Reflecting on his life and death, however, has kicked my battle into high gear. I possess that same intellect, that same ability to talk myself out of things or even shut myself down rather than risk anything: stage fright as a child so severe that I quit the music I loved altogether at 16, and that by 30 was creeping into my writing as well. Shyness, self-doubt, fear of one's own voice are all butterfly kisses of death to any form of success as a writer.  
Life is choice.
So, should I ignore my spirit's desire to connect through writing and save myself a lifetime of combat? Or, do I take a breath and dive into the memories, risking pain and drowning to find treasures of knowledge my time with my father has created?
I choose memories. There are thousands upon thousands, so for this first attempt I didn't dive too deeply, and found these five. They came from our epic father-daughter battles, and from the quiet of just sitting together, saying nothing, knowing everything. Some things he taught me about what to do. Some are things I wished could have taught him.
Here they are, five things my father's life teaches me about writing.  

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A novelist, not a poet? Think again

Posted by Jennifer Hatt on 28 April 2015 | 2 Comments

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Writing Rose, the character I didn't want to know

Posted by Jennifer Hatt on 21 November 2014 | 0 Comments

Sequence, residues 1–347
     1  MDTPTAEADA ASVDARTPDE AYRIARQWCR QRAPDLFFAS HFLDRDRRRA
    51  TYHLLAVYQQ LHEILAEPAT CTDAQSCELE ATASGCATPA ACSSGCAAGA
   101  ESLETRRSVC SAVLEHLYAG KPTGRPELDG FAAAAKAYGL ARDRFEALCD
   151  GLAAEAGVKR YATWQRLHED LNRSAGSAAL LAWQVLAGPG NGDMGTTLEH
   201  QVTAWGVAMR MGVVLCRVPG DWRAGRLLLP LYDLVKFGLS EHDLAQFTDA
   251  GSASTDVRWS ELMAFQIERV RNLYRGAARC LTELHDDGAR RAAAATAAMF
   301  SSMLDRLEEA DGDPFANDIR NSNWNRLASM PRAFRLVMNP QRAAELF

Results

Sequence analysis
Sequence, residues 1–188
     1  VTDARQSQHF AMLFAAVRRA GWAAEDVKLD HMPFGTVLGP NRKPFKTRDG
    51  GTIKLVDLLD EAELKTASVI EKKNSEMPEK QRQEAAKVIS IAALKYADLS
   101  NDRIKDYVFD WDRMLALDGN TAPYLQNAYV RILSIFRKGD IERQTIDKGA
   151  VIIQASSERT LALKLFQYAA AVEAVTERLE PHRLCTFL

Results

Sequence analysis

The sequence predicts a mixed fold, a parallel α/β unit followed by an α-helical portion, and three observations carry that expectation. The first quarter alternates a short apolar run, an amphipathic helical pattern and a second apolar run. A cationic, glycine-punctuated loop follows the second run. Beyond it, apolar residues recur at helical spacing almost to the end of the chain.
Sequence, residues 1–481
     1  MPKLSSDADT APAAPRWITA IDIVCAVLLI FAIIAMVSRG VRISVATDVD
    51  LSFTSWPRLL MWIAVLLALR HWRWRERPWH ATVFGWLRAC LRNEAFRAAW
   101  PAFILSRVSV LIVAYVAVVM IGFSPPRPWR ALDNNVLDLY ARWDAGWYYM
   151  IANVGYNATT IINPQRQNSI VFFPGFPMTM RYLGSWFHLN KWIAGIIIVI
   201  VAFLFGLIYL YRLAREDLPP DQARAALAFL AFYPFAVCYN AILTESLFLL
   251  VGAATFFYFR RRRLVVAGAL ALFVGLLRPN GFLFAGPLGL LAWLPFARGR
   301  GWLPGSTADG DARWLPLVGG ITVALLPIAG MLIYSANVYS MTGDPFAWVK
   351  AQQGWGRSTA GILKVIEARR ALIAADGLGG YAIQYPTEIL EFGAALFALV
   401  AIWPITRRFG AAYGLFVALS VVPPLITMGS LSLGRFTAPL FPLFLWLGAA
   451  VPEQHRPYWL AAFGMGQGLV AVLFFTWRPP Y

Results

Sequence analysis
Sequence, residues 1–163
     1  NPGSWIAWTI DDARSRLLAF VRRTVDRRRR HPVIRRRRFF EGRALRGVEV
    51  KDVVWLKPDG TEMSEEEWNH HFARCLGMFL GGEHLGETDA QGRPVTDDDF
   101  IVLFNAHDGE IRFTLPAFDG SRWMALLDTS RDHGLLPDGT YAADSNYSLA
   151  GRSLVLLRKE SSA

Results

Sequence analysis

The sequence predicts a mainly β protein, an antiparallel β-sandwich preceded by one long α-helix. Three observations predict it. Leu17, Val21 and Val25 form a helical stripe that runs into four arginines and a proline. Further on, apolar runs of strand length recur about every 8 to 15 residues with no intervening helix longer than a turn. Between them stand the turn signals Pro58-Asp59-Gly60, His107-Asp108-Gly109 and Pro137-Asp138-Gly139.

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Writers control the story. So why choose a main character I didn’t like? Simple answer: he did, my male lead Jack, years ago, when I wrote my first book, Finding Maria. Rose was his love, his choice, and ultimately, his source of heartbreak when suddenly she was gone. To love Jack, which I do, hence the series of books to explore his life, I had to at least acknowledge the woman who made him a husband and father, and over two decades evolved to be the centre of his world. His heart had made its choice. To do justice to his story, I had to share hers, and that meant getting past the prickly habits and annoying weaknesses to the heart and soul of this woman. I didn’t have to like her, but I did have to understand her.

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Seed, Feed 'n' Weed: using stress to strengthen my spirit

Posted by Jennifer Hatt on 14 July 2014 | 4 Comments

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In May, stress was winning I came close to giving up. Instead, I hit pause, and tried something new. And it worked. 

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Lessons from a clothesline

Posted by Jennifer Hatt on 20 June 2014 | 0 Comments

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My basement clothesline now sags with dripping wet clothes. The forecast said thunder showers; I was swayed by the brilliant blue sky. So who do I blame: nature, myself, or this bloody Nova Scotia weather that changes literally in the blink of an eye?